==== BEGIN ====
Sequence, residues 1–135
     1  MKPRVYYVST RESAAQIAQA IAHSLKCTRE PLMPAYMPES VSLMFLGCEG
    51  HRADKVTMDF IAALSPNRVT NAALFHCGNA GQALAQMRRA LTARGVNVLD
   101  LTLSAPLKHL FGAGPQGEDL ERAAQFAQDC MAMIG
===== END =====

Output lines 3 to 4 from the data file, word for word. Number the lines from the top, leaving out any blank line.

    51  HRADKVTMDF IAALSPNRVT NAALFHCGNA GQALAQMRRA LTARGVNVLD
   101  LTLSAPLKHL FGAGPQGEDL ERAAQFAQDC MAMIG